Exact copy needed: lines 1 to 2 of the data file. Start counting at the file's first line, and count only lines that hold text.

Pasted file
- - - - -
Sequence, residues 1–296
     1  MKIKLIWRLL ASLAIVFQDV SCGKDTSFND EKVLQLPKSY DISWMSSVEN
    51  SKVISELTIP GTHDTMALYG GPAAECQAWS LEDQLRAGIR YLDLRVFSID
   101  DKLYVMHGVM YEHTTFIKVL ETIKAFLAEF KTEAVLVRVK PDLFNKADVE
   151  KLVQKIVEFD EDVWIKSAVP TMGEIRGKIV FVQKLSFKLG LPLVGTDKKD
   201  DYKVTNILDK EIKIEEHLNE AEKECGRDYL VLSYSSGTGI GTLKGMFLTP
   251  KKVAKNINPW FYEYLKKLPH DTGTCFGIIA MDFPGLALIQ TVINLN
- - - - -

Sequence, residues 1–296
     1  MKIKLIWRLL ASLAIVFQDV SCGKDTSFND EKVLQLPKSY DISWMSSVEN